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HOWTO: Running apache as unprivileged user (no root process)
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vdboor
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Joined: 03 Dec 2003
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PostPosted: Tue Jun 22, 2004 9:25 am    Post subject: HOWTO: Running apache as unprivileged user (no root process) Reply with quote

Hi,

Some of my classmates told how I could run apache as normal user. In his opinion, apache has a lot of security holes. (maybe less then IIS, but it's still too much) In a normal setup, apache runs a root, and forks child processes that run under a less-priveleged user, commenly "apache". This short tutorial explains how to get rid of the main root-process, because it's the process that makes your server vulnurable.

There is one drawback: you need to run apache behind a NAT/router, because apache needs to listen at a different, higher, port. ..however if you care about security you don't run a webserver at your router ;) ..a DMZ is the best solution.


The things you need to change are:

  • The port apache listens on. A normal user can only listen on port numbers higher then 1024. For example, you could use 10080 for normal HTTP. and 10443 for https. Search for the keyword "Listen" in the apache config files. They are located in /etc/apache2/conf/ under gentoo.
  • In your router/NAT settings you map the external port (80) to the internal 10080 port!

  • Open /etc/init.d/apache2 in a text editor, and add the following to the start() { .... } function:
    Code:

        chgrp apache /var/log/apache2/
        chmod g+w    /var/log/apache2/
        chgrp apache /var/run/
        chmod  +t    /var/run/
        chmod g+w    /var/run/

    At a reboot, some permissions will be reset, and that's why I set them in the init.d script. We give the user apache permission to write the log files in /var/log/apache2/, and access to create a pid file in /var/run/.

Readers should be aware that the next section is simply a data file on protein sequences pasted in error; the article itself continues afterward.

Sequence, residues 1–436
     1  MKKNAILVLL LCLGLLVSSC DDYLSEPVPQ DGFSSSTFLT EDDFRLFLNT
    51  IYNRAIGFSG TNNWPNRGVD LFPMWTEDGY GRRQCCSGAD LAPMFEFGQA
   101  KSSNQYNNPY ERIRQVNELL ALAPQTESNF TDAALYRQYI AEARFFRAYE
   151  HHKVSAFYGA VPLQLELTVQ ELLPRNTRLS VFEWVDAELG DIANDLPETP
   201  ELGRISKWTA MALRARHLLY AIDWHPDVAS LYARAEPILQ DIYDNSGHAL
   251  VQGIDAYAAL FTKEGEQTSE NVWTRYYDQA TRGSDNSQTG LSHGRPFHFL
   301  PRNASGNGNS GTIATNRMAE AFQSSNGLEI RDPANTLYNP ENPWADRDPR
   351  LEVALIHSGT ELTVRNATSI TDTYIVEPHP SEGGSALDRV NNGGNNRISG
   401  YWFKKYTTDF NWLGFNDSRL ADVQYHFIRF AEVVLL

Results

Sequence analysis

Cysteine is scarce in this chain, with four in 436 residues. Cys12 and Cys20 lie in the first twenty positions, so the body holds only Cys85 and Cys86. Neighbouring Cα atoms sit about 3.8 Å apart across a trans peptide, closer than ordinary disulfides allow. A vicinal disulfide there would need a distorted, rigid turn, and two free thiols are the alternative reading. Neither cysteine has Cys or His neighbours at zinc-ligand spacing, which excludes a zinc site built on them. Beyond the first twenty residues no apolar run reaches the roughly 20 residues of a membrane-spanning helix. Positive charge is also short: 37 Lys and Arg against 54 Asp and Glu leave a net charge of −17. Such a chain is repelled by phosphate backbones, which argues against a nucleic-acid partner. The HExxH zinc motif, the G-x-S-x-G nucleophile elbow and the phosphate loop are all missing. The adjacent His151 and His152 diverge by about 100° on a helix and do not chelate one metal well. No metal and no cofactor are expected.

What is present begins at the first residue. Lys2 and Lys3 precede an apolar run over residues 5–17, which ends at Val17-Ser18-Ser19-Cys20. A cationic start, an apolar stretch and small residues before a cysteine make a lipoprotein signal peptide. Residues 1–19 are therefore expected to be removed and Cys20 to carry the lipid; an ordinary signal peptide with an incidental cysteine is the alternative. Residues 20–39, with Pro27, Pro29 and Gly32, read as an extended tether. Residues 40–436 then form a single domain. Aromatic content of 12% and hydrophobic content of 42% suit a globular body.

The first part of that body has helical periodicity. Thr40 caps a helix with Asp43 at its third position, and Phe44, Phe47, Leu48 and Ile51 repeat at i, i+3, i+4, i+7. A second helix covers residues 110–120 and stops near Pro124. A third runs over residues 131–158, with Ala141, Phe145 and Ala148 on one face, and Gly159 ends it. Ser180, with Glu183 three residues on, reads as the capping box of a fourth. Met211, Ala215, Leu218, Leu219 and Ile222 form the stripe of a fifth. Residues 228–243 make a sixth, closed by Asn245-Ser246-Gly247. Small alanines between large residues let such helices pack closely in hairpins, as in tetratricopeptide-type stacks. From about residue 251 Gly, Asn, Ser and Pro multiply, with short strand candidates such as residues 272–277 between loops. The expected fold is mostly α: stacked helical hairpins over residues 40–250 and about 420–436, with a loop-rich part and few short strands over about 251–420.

Also add this option to the "start-stop-daemon" command:
    Code:
     --chuid apache
    This runs the daemon as the user "apache". If you use a different user in your apache config files, replace "apache" in the previous commands with that particular user.

  • Try to start the server. Also confirm that the server is running, because the init script doesn't always notice that apache stops because of a permissions problem. You can use one of these commands for this:

    Code:

        ps auxf
        netstat -lnpt

You should see a tree of apache processes, and the main process should run under the user "apache" as well.


If apache doesn't start at once you can try one of the following things:

  • Disable SSL temporary in /etc/conf.d/apache2. I had some problems with SSL-keys being generated in a folder where 'apache' didn't have permissions
  • Try to run the apache server manually; give the use 'apache' a shell in /etc/passwd, and use "su - apache" as root to open a shell. Then one of of the following commands:
    Code:
        apache2ctl -k start
        strace -e trace=open -f   apache2ctl -k start

    The second one reveals what files apache is trying to open, and might give a clue about where you forgot a permission.


Hope this helps ;)
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rojaro
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PostPosted: Thu Jun 24, 2004 1:31 pm    Post subject: Reply with quote

Additional Note: To redirect requests that arrive on port 80 and should be redirected to port 10080 you can use the following command:
Code:
iptables -t nat -A PREROUTING -p tcp --dport 80 -i lo -j DNAT --to <your-ip-address-here>:10080

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SnEptUne
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Joined: 23 Aug 2004
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PostPosted: Tue Nov 02, 2004 3:25 am    Post subject: Reply with quote

Although chrooting apache would give extra security, I believe your setup increases security risk. You have made the various log files accessible to user apache. A cracker could utilizes this permission to edit the log and even retreive sensitive information from the logs. Additionally, for chrooting to work, various ssl certifates must be made readable to user apache. Wouldn't it be better to create a new user account for the apache parent?
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